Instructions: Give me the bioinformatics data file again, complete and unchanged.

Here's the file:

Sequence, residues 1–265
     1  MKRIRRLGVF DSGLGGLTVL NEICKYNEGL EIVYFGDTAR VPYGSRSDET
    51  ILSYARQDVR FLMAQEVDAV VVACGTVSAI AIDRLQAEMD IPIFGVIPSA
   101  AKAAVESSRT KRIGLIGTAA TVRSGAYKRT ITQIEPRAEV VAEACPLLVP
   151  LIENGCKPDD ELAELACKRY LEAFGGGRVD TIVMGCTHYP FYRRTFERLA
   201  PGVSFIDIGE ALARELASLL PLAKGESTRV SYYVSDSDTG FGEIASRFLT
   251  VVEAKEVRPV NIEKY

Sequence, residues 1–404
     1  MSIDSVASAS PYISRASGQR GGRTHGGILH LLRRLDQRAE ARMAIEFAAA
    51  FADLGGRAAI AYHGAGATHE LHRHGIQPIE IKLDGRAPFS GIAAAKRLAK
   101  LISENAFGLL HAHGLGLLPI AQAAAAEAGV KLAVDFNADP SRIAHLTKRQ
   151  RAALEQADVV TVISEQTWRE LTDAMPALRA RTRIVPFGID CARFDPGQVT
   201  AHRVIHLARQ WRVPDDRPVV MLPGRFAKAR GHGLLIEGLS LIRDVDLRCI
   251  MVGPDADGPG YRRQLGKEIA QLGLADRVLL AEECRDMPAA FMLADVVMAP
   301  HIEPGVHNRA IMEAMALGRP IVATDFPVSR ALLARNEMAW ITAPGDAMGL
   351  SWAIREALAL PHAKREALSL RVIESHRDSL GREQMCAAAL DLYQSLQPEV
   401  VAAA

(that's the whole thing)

Sequence, residues 1–265
     1  MKRIRRLGVF DSGLGGLTVL NEICKYNEGL EIVYFGDTAR VPYGSRSDET
    51  ILSYARQDVR FLMAQEVDAV VVACGTVSAI AIDRLQAEMD IPIFGVIPSA
   101  AKAAVESSRT KRIGLIGTAA TVRSGAYKRT ITQIEPRAEV VAEACPLLVP
   151  LIENGCKPDD ELAELACKRY LEAFGGGRVD TIVMGCTHYP FYRRTFERLA
   201  PGVSFIDIGE ALARELASLL PLAKGESTRV SYYVSDSDTG FGEIASRFLT
   251  VVEAKEVRPV NIEKY

Sequence, residues 1–404
     1  MSIDSVASAS PYISRASGQR GGRTHGGILH LLRRLDQRAE ARMAIEFAAA
    51  FADLGGRAAI AYHGAGATHE LHRHGIQPIE IKLDGRAPFS GIAAAKRLAK
   101  LISENAFGLL HAHGLGLLPI AQAAAAEAGV KLAVDFNADP SRIAHLTKRQ
   151  RAALEQADVV TVISEQTWRE LTDAMPALRA RTRIVPFGID CARFDPGQVT
   201  AHRVIHLARQ WRVPDDRPVV MLPGRFAKAR GHGLLIEGLS LIRDVDLRCI
   251  MVGPDADGPG YRRQLGKEIA QLGLADRVLL AEECRDMPAA FMLADVVMAP
   301  HIEPGVHNRA IMEAMALGRP IVATDFPVSR ALLARNEMAW ITAPGDAMGL
   351  SWAIREALAL PHAKREALSL RVIESHRDSL GREQMCAAAL DLYQSLQPEV
   401  VAAA